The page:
I was familiar with India because I had been there as a Fulbright Scholar in 1963. India was a dangerous place to one’s health. That was before the Green Revolution and in a big Indian city at that time the sanitation department would come and pick up the corpses off the sidewalks and streets every morning. The food and water were extremely risky. Illness was virtually inevitable for anybody who went there. Bob was well aware of the physical risk of going to India. And also the emotional trauma of facing the spectacle of death and disease and poverty all around. And of course the cultural divide in every way was so broad. That’s why Bob warned his students that what they saw, what they learned about themselves could be very uncomforting. And at that time, of course, ventures of this kind were very unusual at Williams. Students didn’t take off for study abroad in the way they do now. Travel was more difficult. Just the beginning of the jet age. So it was a big news item at Williams, made bigger by what Bob was telling his students.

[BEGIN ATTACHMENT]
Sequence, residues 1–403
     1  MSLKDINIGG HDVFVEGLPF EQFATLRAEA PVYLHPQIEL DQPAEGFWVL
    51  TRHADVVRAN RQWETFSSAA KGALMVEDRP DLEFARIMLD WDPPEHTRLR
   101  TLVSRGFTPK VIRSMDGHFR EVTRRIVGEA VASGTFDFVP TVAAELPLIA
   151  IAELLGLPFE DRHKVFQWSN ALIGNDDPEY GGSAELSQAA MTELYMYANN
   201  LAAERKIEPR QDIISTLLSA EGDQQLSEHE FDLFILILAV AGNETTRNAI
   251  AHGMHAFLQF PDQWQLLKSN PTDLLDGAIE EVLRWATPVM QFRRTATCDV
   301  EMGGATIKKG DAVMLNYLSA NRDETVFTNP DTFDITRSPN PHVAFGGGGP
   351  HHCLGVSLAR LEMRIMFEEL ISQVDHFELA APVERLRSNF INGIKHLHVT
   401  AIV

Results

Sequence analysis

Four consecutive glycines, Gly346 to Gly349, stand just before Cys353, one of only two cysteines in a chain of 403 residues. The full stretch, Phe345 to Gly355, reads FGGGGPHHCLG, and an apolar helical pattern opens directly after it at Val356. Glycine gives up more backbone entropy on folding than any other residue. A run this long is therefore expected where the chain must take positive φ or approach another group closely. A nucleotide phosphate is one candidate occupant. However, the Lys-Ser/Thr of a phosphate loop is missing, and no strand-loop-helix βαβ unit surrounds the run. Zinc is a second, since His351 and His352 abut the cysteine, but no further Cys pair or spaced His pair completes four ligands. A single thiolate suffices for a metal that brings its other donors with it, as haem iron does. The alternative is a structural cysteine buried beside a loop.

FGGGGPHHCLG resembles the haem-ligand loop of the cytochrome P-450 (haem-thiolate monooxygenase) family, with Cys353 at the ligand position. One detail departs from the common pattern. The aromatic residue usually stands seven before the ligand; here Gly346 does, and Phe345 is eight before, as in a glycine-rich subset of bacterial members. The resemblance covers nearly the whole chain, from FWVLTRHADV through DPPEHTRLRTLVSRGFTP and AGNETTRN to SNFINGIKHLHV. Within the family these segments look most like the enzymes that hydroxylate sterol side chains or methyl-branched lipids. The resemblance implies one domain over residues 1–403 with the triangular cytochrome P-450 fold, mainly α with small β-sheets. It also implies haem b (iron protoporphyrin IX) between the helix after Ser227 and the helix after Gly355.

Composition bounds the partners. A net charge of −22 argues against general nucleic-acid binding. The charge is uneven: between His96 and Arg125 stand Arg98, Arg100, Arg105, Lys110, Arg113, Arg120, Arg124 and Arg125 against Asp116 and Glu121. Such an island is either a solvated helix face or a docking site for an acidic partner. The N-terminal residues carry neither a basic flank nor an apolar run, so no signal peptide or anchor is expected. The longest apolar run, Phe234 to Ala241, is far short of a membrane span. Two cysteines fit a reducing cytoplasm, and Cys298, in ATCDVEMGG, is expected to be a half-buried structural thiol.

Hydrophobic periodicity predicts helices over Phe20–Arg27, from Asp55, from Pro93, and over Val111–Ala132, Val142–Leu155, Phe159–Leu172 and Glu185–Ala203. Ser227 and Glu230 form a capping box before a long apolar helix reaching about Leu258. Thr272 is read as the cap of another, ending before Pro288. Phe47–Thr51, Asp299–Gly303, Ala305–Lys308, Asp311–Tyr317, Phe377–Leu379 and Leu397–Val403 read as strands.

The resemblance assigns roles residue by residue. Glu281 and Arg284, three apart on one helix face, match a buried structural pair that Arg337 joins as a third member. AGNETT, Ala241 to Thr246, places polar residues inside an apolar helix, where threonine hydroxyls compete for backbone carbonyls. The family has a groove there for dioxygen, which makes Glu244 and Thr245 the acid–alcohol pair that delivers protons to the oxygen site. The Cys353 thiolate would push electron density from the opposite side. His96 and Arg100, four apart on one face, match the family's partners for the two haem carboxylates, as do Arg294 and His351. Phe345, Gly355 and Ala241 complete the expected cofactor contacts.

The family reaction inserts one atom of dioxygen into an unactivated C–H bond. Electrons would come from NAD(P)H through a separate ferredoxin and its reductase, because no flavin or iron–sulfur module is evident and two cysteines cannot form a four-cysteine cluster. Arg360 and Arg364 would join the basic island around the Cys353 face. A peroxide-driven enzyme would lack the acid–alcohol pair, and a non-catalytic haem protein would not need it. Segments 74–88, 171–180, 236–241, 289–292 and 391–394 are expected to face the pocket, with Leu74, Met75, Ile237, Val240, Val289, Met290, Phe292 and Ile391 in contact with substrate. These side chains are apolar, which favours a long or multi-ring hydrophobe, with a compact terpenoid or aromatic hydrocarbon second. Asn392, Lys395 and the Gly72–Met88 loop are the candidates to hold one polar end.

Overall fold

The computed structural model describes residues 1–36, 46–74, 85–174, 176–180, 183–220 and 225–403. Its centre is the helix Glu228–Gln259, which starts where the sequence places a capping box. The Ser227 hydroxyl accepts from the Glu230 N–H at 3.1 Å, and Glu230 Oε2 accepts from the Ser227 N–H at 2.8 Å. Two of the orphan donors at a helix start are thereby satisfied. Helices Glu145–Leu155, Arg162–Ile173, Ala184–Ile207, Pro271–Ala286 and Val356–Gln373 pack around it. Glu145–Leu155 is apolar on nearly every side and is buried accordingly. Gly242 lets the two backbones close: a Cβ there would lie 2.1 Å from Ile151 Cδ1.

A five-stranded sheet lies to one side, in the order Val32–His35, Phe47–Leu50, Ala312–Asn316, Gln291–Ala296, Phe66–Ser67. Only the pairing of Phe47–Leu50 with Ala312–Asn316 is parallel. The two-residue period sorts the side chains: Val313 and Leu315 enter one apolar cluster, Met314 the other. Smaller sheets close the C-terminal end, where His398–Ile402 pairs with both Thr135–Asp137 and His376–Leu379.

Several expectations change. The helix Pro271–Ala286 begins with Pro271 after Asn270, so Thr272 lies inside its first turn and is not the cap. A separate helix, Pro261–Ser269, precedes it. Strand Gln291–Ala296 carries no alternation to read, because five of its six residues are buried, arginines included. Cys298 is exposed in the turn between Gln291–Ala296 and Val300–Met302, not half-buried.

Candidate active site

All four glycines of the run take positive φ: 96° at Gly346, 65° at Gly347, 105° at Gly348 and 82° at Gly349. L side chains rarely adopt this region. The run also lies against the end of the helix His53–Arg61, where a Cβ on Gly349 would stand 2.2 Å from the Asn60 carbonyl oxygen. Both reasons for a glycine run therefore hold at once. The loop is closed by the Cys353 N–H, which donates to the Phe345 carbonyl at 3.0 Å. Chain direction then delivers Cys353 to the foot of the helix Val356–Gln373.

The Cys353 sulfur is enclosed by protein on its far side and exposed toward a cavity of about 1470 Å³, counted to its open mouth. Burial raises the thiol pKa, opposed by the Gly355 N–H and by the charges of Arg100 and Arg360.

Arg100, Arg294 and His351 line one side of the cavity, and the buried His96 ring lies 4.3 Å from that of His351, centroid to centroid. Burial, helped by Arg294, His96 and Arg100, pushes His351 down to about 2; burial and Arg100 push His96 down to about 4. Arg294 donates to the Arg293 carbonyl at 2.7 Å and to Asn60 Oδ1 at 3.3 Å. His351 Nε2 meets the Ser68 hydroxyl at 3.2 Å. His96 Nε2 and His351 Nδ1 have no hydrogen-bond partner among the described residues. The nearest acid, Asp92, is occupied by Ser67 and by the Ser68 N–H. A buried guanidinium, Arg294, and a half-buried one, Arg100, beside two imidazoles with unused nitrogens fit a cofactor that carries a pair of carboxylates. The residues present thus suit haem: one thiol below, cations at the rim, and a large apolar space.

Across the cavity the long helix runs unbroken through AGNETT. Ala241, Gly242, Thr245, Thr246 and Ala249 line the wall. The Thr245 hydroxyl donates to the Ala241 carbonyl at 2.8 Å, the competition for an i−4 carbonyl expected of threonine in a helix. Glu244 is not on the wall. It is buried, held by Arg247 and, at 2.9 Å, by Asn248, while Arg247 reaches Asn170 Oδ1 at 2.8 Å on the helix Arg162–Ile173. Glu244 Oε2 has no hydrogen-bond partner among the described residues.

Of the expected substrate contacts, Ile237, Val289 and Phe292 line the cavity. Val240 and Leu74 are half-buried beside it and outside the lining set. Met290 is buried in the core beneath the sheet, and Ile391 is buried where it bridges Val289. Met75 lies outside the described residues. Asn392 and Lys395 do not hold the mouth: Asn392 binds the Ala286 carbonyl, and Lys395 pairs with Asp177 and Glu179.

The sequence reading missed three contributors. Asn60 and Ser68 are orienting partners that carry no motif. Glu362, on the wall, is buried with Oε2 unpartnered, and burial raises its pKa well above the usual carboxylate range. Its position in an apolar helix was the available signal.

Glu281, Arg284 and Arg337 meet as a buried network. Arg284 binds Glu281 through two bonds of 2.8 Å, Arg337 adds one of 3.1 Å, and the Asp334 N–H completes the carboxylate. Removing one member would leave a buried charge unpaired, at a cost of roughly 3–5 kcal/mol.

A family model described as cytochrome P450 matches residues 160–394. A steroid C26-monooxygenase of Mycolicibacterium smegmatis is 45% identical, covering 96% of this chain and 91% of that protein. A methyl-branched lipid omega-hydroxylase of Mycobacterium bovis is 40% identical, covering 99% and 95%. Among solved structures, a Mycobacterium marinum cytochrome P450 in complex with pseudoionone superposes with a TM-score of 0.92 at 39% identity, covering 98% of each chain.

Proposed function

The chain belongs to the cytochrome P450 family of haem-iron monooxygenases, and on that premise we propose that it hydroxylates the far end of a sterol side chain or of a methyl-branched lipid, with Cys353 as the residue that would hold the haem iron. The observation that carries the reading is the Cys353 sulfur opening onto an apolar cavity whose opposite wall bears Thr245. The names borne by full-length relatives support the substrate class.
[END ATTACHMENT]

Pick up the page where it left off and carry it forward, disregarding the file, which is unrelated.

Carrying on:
I think by then the campus was beginning to catch on to Bob, to figure him out. But I would say, particularly among his faculty colleagues, except for a few of his very close colleagues, it had been a slow process because some people thought of Bob as being intentionally teasingly elusive and mysterious. And maybe that was true. He was deliberately elusive. But now we all were beginning to see why he had this great impact on students and why he was such an important force at Williams.

John Chandler,
former Williams College president